Be worthy of trust. Try to do the right thing and practice radical candor, including caring personally and challenging directly.
They win, we win. Always start with the customer or user. Always put their experience first — ahead of business results and your own priorities.
Keep it simple. Cut those docs and emails in half!
Own it. See something that could be better? Help make it better!
Make work human. Err in the direction of kindness, and follow our DEI (Diversity, Equity, and Inclusion) principles.
What differentiates Dropbox from others in its space and industry?
Dropbox is Virtual First, meaning remote work (outside of an office) is the primary experience for all of our employees globally. Because we know human connection is still critical in terms of building high-performing teams, we’re investing in opportunities to gather by offering physical spaces called Dropbox Studios. These are collaborative spaces designed for teamwork like strategy meetings, in-person learning experiences or team events, instead of individual workspaces that you go to every day.
In trying to adapt to this new reality, many companies have announced that they are going fully remote or offering employees a hybrid approach (i.e., employees choose whether or not to go into an office). But we aren’t convinced that either of these scenarios are the best way forward. Neither addresses the underlying limitations of remote working. Hybrid approaches may also perpetuate two different employee experiences that could result in barriers to inclusion and inequities with respect to performance or career trajectory. These big-picture problems are non-starters for us.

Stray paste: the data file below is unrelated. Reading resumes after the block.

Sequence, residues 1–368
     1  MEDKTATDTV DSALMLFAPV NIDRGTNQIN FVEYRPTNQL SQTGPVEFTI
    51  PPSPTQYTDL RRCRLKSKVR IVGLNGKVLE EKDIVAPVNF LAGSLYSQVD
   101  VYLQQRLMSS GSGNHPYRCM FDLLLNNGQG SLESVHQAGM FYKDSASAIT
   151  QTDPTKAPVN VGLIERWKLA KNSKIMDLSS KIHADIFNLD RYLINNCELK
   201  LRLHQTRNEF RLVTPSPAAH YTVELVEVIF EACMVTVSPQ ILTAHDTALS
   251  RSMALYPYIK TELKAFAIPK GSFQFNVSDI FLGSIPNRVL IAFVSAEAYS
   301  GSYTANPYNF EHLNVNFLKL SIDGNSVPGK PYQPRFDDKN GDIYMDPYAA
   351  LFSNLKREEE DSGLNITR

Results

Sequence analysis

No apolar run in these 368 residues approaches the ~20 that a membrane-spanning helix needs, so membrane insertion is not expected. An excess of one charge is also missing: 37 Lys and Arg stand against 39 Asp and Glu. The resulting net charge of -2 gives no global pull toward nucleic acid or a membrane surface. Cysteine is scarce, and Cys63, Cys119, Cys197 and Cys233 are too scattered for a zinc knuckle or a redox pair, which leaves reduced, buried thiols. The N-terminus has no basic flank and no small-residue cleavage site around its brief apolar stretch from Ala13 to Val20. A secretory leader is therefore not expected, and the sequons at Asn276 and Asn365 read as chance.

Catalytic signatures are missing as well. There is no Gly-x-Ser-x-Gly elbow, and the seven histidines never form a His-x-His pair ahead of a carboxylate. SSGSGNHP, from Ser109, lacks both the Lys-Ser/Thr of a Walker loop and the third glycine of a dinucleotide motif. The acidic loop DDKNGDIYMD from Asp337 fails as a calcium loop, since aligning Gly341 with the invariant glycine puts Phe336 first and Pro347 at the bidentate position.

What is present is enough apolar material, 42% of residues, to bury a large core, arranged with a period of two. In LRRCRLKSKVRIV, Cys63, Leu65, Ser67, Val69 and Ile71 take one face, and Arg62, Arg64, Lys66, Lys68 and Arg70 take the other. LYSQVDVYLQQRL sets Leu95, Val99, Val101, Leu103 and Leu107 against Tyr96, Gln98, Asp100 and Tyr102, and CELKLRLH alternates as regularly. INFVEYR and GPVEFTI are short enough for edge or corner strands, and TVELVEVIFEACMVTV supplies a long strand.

We want to empower our employees to have more control over how they work, so a key part of Virtual First is core collaboration hours — set time with overlap between time zones for working synchronously with colleagues and encouraging employees to design their own schedules beyond that. We want to prioritize impact and results instead of hours worked.
Describe 1-5 employee benefits that positively impact women who work at Dropbox.
Dropboxers welcoming a new child are eligible to take 24 paid weeks of leave at birth or adoption, plus a Transition Week to help them transition back into their role.
Dropbox will reimburse up to $10,000 in Adoption Expenses per child, for up to two finalized adoptions.
A new ‘Perks Allowance’ began in 2021 as we transitioned to Virtual First. Rather than control in-office perks, employees are now able to be reimbursed for out-of-office perks that matter most to them — whether that’s wellness, childcare, housekeeping, baby food, after school activities or children's tutoring.